By Perry Lefko

Katie Larsen grew up riding and competing in equestrian events at Caledon and in a roundabout way she has returned to that discipline through the thoroughbred world.

Larsen works full-time in credit adjudications at a bank in Hamilton, but she also runs a part-time business giving recently-retired thoroughbreds a second home. It is called Southern Belle thoroughbreds and, since she started in July, Larsen has found homes for almost 100 racehorses that were based at Fort Erie and Woodbine racetracks. Some are being trained to become equestrian competitors.

And it was all because Larsen was looking to return to her past owning and riding a competitive equestrian horse.

“I grew up in Oakville, riding locally at farms in the area,” she said. “When I was 16, my great-aunt, Mona Campbell, contacted me because she had a horse she was keeping at a farm in Caledon, where Chris Pratt ran his boarding/training operation. She offered the horse, Puck, to me as a project.

“I decided to go up there and start casually riding the horse. Although it was an hour drive every day after school, it was worth it. I began training more heavily with Chris and in addition to my aunt’s horse, Chris gave me tons of opportunities to ride other horses.

“In the winters, he went to Florida to compete and I would stay back and ride the horses at the farm. He had a warmblood mare there named Gwenevier, who I had the privilege of getting to know. She was originally purchased by a syndicate who sponsored Chris in hopes she would be his Grand Prix show jumper.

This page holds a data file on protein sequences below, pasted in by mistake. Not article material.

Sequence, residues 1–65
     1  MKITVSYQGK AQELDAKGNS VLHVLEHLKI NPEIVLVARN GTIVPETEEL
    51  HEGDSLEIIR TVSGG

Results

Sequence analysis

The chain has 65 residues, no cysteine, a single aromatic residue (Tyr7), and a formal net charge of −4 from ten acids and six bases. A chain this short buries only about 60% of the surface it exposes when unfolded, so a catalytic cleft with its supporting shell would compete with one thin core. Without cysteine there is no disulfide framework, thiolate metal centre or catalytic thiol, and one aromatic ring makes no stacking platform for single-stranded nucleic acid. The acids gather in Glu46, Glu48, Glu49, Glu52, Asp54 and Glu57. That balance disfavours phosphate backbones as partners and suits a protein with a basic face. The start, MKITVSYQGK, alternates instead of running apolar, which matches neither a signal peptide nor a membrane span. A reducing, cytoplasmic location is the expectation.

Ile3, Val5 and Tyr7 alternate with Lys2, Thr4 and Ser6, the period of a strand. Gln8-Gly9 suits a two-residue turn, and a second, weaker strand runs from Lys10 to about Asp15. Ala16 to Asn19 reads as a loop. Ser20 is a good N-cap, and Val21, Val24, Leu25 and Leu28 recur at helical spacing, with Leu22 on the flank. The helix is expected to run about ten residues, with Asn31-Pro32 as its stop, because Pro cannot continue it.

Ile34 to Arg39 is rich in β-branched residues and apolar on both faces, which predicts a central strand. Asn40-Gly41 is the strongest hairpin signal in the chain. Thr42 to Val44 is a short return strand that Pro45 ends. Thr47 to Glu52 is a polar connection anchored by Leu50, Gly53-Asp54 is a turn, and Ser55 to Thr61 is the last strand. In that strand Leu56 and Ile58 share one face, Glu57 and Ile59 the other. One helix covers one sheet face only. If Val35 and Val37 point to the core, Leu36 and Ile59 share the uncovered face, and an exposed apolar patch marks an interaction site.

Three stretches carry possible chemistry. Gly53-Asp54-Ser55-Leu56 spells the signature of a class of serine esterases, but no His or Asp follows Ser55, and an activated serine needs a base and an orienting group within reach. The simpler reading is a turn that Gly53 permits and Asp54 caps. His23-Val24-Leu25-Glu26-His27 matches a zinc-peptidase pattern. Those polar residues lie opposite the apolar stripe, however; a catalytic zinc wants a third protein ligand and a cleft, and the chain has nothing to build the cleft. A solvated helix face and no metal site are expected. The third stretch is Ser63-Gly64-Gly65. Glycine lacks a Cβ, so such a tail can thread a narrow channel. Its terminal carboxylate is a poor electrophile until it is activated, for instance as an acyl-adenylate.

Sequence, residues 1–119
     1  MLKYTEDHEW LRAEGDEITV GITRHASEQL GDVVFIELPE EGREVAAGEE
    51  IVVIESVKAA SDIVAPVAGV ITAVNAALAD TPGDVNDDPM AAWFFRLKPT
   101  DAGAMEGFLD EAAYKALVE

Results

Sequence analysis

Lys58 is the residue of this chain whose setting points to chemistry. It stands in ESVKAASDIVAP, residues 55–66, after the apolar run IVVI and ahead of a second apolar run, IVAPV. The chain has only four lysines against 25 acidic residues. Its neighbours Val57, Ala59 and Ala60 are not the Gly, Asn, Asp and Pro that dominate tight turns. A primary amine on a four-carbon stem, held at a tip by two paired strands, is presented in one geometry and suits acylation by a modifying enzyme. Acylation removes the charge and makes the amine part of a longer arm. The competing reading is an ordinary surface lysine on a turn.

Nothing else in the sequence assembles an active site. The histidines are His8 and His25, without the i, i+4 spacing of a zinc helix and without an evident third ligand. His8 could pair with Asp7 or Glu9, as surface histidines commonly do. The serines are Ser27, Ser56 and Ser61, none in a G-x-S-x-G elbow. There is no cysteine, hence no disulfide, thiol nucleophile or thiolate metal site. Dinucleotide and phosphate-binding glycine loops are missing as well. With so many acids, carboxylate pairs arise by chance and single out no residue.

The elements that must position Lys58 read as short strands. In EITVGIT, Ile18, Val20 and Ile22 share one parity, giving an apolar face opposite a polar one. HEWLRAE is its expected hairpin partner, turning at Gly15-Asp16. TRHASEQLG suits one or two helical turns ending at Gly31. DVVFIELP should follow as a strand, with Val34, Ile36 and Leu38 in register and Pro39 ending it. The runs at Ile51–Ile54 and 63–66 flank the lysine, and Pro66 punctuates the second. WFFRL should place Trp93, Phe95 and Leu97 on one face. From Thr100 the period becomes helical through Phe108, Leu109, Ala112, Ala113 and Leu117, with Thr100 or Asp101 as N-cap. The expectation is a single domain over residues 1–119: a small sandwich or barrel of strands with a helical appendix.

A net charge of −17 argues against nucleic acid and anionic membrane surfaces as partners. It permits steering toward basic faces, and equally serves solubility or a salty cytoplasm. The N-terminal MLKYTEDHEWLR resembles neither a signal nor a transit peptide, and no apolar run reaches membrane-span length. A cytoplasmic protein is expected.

“She never made it to that level, so she was a perfect horse for me to get into the game. After months of riding her, it turned into a lease and from that my father purchased her for me.”

After beginning at the entry level, Larsen rose two levels to just below the Grand Prix class. She and her horse participated in numerous competitions, including some in Caledon at Palgrave Horse Park. That changed when the two had an accident at the Hendervale Equestrian event, making contact with an obstacle they were attempting to clear. After that both she and her horse were traumatized, and subsequently Larsen dropped down to level one to try rebuild her confidence. When she lost the nerve to compete, it became a financial strain, and she quit the sport.

Five years later, Larsen decided to return to equestrian riding, but didn’t have the money to purchase a quality horse. She decided to buy a thoroughbred horse that had retired from racing and discovered a website, Second Start Thoroughbreds, that sold them for modest amounts. Larsen bought a five-year-old mare called Mia Bella Amore.

She started working with the horse to convert her into jumping. Larsen later contacted the horse’s original owner, Lamar Squires, and asked if she could start learning to exercise thoroughbreds. Then, Larsen noticed many of the horses at the track had the athletic ability that could make them into equestrian horses. She put the word out to trainers looking to retire their horses and told them she could probably sell them through her network. Business started to boom, so she started a business and a separate Facebook page.

“Mia Bella Amore brought me back,” she said. “But it’s baby steps right now.”

Larsen is looking to compete again at Caledon Equestrian Park next summer.



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